The highlight of the judging of the 24th Martin Wills Awards was the split decision contest between the winner Chris Humpleby and the runner-up Declan Delaney.
Both entries were as contrasting as the background of the two 24 year olds who wrote them and equally compelling. Chris Humpleby is a big stable assistant trainer at Newmarket, Declan Delaney a City underwriter and part time bookmaker. Chris sent out a stark warning of the danger to young stable staff of the underside of Newmarket life, Declan gave a vivid description of the sweaty palm moments when a big gamble looks about to sink a bookmaker’s ship.
The two pieces were a triumphant justification of what the Martin Wills Awards are about and the fact that there was plenty of establishment spluttering in Newmarket porridge over the winning entry only reinforced the point. Clear, informed writing has made people take notice and given encouragement for others to turn to the keyboard.
The prizewinners in the other categories were also a credit to the competition, but some in the younger groups did not always do themselves justice. We would like to congratulate them all for having the ambition and energy to take part and are here to encourage, not over-criticize. But it’s a good tip to remember that the basic structure of a beginning, middle and end is always a necessity, as is a central idea that the writer is trying to convey. The whole essence, the pleasure of the exercise is the sharing of information or experience and the faultier the structure the harder this is to do.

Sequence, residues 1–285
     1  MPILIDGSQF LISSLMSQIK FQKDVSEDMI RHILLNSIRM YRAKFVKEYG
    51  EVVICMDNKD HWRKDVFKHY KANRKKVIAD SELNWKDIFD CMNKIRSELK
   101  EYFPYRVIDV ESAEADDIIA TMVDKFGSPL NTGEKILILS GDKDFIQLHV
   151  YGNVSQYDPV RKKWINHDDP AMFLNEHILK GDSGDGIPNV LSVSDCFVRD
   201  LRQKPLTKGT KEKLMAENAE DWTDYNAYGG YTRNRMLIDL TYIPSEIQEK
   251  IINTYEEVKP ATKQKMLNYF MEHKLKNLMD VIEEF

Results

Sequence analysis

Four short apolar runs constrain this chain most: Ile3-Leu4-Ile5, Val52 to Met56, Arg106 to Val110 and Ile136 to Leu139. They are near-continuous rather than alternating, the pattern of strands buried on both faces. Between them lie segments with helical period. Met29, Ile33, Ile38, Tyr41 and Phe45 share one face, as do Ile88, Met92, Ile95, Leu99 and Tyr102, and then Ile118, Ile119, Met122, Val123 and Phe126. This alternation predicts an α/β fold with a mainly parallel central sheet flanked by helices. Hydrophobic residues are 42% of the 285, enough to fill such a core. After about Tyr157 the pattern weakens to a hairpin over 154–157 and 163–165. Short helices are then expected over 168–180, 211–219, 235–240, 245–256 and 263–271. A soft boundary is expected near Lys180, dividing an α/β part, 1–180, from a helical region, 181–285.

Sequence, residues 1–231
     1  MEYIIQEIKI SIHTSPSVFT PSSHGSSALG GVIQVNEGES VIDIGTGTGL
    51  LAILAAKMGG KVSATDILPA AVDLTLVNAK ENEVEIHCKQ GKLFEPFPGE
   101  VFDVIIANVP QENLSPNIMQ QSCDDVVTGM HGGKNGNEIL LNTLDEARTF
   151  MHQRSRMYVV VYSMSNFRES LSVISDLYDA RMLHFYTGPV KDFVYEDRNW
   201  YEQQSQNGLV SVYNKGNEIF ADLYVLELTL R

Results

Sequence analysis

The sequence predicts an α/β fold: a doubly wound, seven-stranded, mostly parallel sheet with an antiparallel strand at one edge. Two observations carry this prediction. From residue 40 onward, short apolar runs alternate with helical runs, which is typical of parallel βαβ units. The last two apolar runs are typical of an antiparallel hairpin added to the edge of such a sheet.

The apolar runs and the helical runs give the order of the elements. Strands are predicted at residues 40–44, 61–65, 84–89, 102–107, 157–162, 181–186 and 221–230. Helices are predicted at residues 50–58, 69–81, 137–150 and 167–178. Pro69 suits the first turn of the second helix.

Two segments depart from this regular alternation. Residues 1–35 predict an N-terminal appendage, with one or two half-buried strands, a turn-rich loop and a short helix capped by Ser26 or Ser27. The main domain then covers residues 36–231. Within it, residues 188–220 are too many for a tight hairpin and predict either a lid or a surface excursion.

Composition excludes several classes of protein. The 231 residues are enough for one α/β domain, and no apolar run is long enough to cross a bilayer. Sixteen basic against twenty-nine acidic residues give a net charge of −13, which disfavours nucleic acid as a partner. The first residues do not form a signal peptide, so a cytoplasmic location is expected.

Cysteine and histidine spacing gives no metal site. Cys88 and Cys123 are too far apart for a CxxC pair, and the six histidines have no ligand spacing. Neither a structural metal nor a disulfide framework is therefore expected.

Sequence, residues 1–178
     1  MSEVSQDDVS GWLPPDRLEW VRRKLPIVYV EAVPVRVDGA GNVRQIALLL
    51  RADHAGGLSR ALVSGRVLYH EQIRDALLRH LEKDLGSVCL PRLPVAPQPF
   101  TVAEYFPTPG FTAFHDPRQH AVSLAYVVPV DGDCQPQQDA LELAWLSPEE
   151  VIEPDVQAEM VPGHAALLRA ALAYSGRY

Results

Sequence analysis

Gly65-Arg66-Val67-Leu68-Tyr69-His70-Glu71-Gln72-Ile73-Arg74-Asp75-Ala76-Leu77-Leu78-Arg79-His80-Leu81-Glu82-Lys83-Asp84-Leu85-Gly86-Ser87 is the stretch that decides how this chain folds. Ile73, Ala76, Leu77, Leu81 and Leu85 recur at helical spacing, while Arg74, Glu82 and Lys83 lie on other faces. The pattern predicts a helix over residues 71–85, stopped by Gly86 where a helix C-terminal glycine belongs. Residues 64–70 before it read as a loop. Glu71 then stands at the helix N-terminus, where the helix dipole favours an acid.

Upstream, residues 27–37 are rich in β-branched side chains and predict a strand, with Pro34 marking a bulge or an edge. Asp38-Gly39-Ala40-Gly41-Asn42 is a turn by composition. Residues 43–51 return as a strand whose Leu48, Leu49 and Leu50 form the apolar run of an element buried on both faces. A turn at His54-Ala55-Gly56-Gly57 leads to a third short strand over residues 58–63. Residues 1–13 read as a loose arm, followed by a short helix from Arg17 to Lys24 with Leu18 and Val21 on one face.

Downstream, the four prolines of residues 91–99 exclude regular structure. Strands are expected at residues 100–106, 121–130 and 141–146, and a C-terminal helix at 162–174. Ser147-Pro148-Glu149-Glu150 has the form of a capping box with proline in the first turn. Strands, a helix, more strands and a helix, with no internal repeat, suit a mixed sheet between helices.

As every year, I have to stress the need for entrants in all categories to read their entries through before sending them off. Nothing puts a judge off more than the spelling mistake, word repetition or punctuation gaffe that could have been easily avoided by review before despatch. That said, many fewer crass errors did suggest that our warnings were being heeded at last.
As the Awards approach their quarter century, no greater tribute could be paid them than by the latest achievement of the very first winner, Chris McGrath, whose book “Mr Darley’s Arabian,” is a tour de force of which any writer would be proud. Read and believe !
Brough Scott June 2016
Chairman of the Judges
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